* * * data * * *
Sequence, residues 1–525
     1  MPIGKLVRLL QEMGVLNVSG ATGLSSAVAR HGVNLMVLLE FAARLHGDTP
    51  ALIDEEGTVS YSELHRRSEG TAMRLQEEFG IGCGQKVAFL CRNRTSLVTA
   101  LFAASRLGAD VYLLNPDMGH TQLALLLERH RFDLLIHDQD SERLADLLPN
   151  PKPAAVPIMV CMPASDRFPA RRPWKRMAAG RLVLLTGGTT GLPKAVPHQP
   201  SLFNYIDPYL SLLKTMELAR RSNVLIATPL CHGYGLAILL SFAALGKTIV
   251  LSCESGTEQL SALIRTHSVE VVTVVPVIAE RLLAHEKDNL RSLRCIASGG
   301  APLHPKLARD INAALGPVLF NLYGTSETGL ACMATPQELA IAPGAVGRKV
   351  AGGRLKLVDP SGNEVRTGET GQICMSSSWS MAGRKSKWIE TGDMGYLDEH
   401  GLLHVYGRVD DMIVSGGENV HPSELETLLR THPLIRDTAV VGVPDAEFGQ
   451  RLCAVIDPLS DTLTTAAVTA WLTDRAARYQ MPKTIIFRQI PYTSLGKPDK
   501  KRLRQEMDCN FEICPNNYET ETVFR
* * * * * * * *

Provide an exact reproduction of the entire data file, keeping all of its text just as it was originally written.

Sequence, residues 1–525
     1  MPIGKLVRLL QEMGVLNVSG ATGLSSAVAR HGVNLMVLLE FAARLHGDTP
    51  ALIDEEGTVS YSELHRRSEG TAMRLQEEFG IGCGQKVAFL CRNRTSLVTA
   101  LFAASRLGAD VYLLNPDMGH TQLALLLERH RFDLLIHDQD SERLADLLPN
   151  PKPAAVPIMV CMPASDRFPA RRPWKRMAAG RLVLLTGGTT GLPKAVPHQP
   201  SLFNYIDPYL SLLKTMELAR RSNVLIATPL CHGYGLAILL SFAALGKTIV
   251  LSCESGTEQL SALIRTHSVE VVTVVPVIAE RLLAHEKDNL RSLRCIASGG
   301  APLHPKLARD INAALGPVLF NLYGTSETGL ACMATPQELA IAPGAVGRKV
   351  AGGRLKLVDP SGNEVRTGET GQICMSSSWS MAGRKSKWIE TGDMGYLDEH
   401  GLLHVYGRVD DMIVSGGENV HPSELETLLR THPLIRDTAV VGVPDAEFGQ
   451  RLCAVIDPLS DTLTTAAVTA WLTDRAARYQ MPKTIIFRQI PYTSLGKPDK
   501  KRLRQEMDCN FEICPNNYET ETVFR